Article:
Farm Bureau seeks increased funds to preserve farms in Wayne County

‘Farmland pays for itself’

By TOM KANE

HONESDALE, PA - Farmland is disappearing at an alarming rate in the nation and in Wayne County.

In order to impact this trend locally, members of the Wayne/Pike Farm Bureau and the Agriculture Land Preservation Board are looking to preserve more farmland in Wayne County. To that end, the group appeared before the Wayne County Commissioners on December 19 to ask the county to raise their support of the farm preservation program from $30,000 to $100,000.

“We should all worry because Wayne County is losing farms rapidly,” said Marian Schweighofer, farm bureau information director. Since the 1950s, Pennsylvania has lost more than four million acres of farmland to development, she said. “During the ‘90s, our population grew by only 17 percent,” she said. “We were ranked 48th in the nation in population growth, yet our land development for housing projects grew by 47 percent and placed us among the top five states for converting farm ground to development.”

Farmland pays for itself

Schweighofer cited a Penn State University study called “The Cost of Community Services” that detailed the mistaken assumption that new households pay their share of taxes. “That’s the point. They don’t,” she said. “Homes cost the entire community money because they demand the services supported by taxes. They need police, ambulance, road improvement, the new teachers and schools and numerous other services and facilities supported by tax revenues. In fact, they use more tax dollars than they pay in.”

Farms require very little in return for paying in a great deal of revenue. “The property tax payments of farmers actually help subsidize or lower the overall taxes of the homeowners because they don’t use these services to the extent that residences do,” she said. This is also true for commercial and industrial taxpayers.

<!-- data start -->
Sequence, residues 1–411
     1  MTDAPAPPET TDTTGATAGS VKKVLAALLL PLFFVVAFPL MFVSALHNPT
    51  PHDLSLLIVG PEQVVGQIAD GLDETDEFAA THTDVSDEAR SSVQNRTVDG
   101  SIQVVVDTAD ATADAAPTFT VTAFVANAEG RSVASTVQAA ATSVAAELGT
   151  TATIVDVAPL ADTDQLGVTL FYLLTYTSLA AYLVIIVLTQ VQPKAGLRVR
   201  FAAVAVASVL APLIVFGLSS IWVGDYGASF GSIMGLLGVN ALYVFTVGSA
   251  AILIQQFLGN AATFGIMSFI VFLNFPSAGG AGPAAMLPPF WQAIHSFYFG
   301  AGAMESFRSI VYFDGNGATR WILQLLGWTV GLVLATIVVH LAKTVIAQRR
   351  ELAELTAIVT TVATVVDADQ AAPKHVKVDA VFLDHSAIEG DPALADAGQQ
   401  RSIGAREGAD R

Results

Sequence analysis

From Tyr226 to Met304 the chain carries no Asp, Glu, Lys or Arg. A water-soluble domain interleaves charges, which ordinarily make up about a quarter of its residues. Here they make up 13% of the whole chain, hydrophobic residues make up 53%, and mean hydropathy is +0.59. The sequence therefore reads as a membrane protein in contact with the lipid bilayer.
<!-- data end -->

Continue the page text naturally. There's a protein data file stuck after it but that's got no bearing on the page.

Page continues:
To demonstrate the impact of what she was saying, Schweighofer presented a chart that explained how much community services cost and how much various categories of taxpayers contribute and how much they take.

“For every one dollar collected from residences, it cost $1.25 to pay for the services that these residences demand,” she said. She, subsequently, showed how commercial and industrial enterprises and farms put minimal demands on community services from municipal governments and schools.

Selling property rights saves farms

Schweighofer said that the purchase of development rights to a property has the same effect as outright purchases for preserving the farm. “When farmers sell their development rights, they can still farm but can never subdivide the property for development.

She emphasized that the farm bureau is not against growth. “We just want it to be responsible to all the current citizens and the future generations of Wayne County,” she said.

The commissioners promised to respond to the farm bureau’s request sometime in the near future. “It was this very commissioner’s board that is sitting now that created the farm preservation program in 1991, so we are much in favor of it,” said Tony Herzog, chairman of the commissioners.

TRR photo by Tom Kane
Marian Schweighofer of the Wayne/Pike Farm bureau speaks to Wayne County Commissioners about the need to protect farmland. (Click for larger version)